Thursday, March 8, 2012

Japan is an Island

I was only just introduced to Mr. Murakami late last year (Wind Up Bird Chronicle was excellent, and I'm still working on 1Q84 -- also great) and a few weeks back I caught the film adaptation of his 2004 publication Norwegian Wood. Needless to say I liked it very much, caught as I am in a bit of a Japan-craze. That might sound trite, even shallow (I know too little about the culture to claim proactive fascination with it), but for months now I've craved that singular blend of frankness, humility and whimsy that seems, to my uninitiated mind, native to Japanese fiction.

tekkonkinkreet
Tekkonkinkreet
As a kid I was always fascinated by anime. I still am, but I don't spend as much time at the action end of things, anymore. Don't get me wrong, I still love Bebop as much as the next guy, and Yu Yu Hakusho is fucking sweet. Even so -- call it senioritis-induced ennui, but I've been getting much more satisfaction from the more pensive stuff lately.

Ghost in the Shell 2: Innocence was exceedingly cerebral and focused on the ethical questions/philosophical mindscrambles inherent to its robots-are-people-too premise, rather than invisible topless boxing -- which has its own merits, of course. In the same vein, Metropolis (no, not that Metropolis) explored similar paradoxes, but presented them in a vibrant gift-wrap of candied animation and cartoony characters. Charming, and poignant too.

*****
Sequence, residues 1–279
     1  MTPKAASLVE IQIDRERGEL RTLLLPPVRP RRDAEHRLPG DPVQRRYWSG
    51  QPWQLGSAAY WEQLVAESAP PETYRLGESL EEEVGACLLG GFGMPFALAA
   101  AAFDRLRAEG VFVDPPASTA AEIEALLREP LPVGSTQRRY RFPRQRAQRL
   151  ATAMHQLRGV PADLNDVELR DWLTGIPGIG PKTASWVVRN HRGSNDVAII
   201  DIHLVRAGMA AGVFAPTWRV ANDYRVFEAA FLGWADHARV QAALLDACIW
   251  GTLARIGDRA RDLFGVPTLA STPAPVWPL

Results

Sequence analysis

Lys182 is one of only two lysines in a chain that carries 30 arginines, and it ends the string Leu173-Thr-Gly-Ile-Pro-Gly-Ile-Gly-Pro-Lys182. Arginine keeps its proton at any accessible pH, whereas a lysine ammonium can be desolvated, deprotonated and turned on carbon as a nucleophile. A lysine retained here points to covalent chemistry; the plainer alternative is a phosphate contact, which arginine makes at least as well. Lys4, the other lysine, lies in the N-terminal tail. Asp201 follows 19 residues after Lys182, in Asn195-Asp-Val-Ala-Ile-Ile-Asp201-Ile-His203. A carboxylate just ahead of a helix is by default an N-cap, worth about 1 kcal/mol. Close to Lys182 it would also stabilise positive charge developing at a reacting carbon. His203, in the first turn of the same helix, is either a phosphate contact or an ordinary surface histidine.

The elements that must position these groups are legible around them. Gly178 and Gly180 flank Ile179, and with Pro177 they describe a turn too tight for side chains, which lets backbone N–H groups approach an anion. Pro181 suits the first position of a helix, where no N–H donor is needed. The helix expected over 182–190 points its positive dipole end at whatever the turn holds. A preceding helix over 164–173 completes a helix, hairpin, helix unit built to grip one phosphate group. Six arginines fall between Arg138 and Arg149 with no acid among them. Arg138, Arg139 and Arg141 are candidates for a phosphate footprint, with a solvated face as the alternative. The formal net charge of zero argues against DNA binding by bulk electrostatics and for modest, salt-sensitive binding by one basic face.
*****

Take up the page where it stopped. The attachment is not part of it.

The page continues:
Just as charming and an addition to the list of anime I should have seen already is Tekkonkinkreet. It's from the studio that put out the Animatrix, which I was only slightly ashamed to admit that I loved.  Tekkonkinkreet  is by turns beautiful, disturbing, touching and harrowing. Two orphaned brothers struggle to survive in "Treasure Town," a slum put up for redevelopment by an alliance of merciless yakuza and smoothing-talking... aliens. It's weird and wonderful, and worth a viewing for its visuals alone.

Last Life In The Universe
Last Life in the Universe
Pictured is Last Life in the Universe, which is not exactly Japanese. More exactly, it's Thai, but the male lead is played by Tadanobu Asano, who is Japanese and also a very big deal. Asano paints a fantastic portrait of desperation and sympathy in Kenji, the film's suicidal protagonist, and the plot is just edgy enough to allow for the tender moments that come later. Think Eternal Sunshine with little less abstraction and a little more homicide. Highly recommended.

I have also managed to get my "shit" sufficiently together as to apply more of Akira Kurosawa's film to my eyeballs. Now, this one I know I'm really and truly behind on, so I'll just say that High and Low is one of the most emotionally potent detective stories I've encountered, and leave it at that.

I really do feel behind on the old film front, but I'm working to remedy that -- expect more belated commentary on movies you've seen a thousand times (next time -- dystopia!) and percolate your over-flowing wisdom through the comments section!

- Walt

Bonus: this post's title is also nice music
Edit: Just realized that Shinichiro Watanabe directed both Cowboy Bebop and "Kid's Story," my favorite Animatrix short. Also, he's teaming up with Yoko Kanno (again) to put together a new series.

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